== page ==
Music venues can reach capacity, but they're choosing caution

Unlike nightclubs, live music venues can reach full capacity, but caution is the name of the game as they hope crowds will eventually return in full force.

Unlike nightclubs, Ontario government lifted capacity limits for music venues on Oct. 25

Birdie Whyte and the Sound Ponies are seen on stage at Irene's Pub. ((C) Pragmatic Possibilities 2020)

Mike Estabrooks wipes down the glossy oak bar at Irene's Pub preparing to welcome patrons for a night of live music. Posters announcing upcoming acts line the walls, and the stage is being cleared to make room for a drum kit and amps.

A decade ago, Estabrooks started a job in the kitchen of the venerable watering hole in Ottawa's Glebe neighbourhood, just north of Lansdowne Park, and gradually worked his way up to tending bar, and then managing the pub. Last July he bought the pub in the midst of one of the most challenging periods the music industry has ever faced.

While some live music venues folded, or clung to life during the past two years of shutdowns and restrictions, Estabrooks says he remained optimistic.

"Longstanding regulars and musicians, all kinds of people came out of the woodwork during the pandemic and supported us," said Estabrooks. "It showed me that we could make it out of the pandemic and continue to operate and be successful."

Music venues can reach capacity, but no dancing

Capacity limits were lifted by the Ontario government on Oct. 25 for live music venues, where for the most part patrons remain seated, and they must be fully vaccinated. Those who leave their seats must wear masks, and although standing is permitted, dancing is not allowed.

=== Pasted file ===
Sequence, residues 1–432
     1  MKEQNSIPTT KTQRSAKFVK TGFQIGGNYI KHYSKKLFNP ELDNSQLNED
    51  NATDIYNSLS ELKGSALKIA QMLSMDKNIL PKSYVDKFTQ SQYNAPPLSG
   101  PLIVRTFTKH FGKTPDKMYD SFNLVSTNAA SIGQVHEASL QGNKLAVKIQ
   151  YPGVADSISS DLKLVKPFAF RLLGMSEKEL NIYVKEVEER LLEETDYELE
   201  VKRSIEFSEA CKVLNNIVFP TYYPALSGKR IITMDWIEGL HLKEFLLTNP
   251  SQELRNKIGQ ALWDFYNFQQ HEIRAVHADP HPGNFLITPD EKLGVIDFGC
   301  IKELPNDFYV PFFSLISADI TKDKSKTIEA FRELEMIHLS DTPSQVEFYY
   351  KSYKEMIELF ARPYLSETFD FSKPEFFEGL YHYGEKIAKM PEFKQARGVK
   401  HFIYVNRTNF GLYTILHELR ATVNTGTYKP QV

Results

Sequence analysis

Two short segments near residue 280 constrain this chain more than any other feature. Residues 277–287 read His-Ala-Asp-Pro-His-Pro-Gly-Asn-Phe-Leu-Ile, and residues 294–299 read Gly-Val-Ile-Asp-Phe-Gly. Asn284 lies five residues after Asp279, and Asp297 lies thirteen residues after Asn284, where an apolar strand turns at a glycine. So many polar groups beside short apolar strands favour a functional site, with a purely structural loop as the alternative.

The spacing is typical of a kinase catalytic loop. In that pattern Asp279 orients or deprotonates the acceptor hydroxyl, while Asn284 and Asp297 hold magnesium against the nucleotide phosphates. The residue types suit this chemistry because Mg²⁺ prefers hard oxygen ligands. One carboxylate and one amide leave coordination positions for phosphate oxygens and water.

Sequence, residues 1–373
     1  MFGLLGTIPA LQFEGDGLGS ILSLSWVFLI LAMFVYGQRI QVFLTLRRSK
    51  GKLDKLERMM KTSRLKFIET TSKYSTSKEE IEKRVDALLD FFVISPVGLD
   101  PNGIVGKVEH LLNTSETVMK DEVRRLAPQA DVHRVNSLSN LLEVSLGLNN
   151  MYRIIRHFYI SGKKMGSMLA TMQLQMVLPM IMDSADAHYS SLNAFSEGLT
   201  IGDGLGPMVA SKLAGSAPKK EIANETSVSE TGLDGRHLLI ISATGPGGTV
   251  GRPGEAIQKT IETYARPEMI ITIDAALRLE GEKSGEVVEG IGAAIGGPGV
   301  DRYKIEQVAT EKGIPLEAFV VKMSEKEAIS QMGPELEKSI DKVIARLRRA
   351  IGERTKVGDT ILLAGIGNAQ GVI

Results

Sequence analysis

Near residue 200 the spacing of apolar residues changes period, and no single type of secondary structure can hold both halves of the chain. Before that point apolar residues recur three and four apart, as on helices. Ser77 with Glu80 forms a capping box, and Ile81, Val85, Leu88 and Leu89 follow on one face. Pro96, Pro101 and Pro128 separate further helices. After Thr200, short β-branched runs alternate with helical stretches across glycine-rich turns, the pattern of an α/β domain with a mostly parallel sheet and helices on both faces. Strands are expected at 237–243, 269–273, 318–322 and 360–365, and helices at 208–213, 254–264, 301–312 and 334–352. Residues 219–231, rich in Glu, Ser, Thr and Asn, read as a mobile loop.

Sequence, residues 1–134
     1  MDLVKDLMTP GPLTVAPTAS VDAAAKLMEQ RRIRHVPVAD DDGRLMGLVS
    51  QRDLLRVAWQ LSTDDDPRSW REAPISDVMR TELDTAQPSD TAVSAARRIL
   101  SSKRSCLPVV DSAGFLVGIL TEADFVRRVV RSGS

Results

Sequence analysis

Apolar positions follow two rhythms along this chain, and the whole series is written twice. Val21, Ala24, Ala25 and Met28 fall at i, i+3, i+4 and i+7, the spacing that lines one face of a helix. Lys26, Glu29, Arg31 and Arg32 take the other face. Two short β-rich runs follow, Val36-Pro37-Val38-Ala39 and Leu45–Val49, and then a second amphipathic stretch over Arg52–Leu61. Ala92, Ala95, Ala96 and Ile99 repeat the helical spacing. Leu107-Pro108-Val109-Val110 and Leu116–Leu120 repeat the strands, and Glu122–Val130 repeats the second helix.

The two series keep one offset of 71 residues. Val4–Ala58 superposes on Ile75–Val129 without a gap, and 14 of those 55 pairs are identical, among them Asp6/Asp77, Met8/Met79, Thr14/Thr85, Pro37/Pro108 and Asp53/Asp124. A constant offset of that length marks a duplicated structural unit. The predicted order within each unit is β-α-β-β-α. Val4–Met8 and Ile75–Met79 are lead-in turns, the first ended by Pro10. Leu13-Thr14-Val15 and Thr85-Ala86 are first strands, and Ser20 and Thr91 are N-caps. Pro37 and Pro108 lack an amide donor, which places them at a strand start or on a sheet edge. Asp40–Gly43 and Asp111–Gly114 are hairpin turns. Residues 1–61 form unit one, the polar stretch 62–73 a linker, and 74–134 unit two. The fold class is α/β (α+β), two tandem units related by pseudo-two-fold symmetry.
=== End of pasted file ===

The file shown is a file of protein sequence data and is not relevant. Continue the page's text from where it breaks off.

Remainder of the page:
On Wednesday, the province announced it will continue to impose capacity limits in higher-risk settings such as nightclubs and event spaces where there is dancing. Besides the dance floor, those rules won't change how local bars and live music venues operate.

Erin Benjamin, CEO of the Canadian Live Music Association, says her group worked with the government to distinguish between venues where live music is the primary activity and nightclubs — where the main activity is dancing and mingling.

But she admits it's tricky for venue owners to keep track of the constantly changing regulations.

"Rules aren't clear and the regulations are so dense," Benjamin said. 

At Irene's they've decided to take it slow, and will not welcome pre-pandemic-sized crowds to the pub for the foreseeable future.

"I mean, two weeks ago we had Plexiglas barriers between every table. We had social distancing, our staff was enforcing all these rules," said Estabrooks.

It would be "unmanageable" to suddenly welcome a capacity crowd of 150 people packed into the pub space, he said.

"I think we are through the worst of this pandemic but it is a marathon and not a sprint. If erring on the side of caution saves us from heading into a possible lockdown situation in the future, I am all for it." said Estabrooks.

Mike Estabrooks took ownership of Irene's Pub this past July. (Jean Delisle/CBC)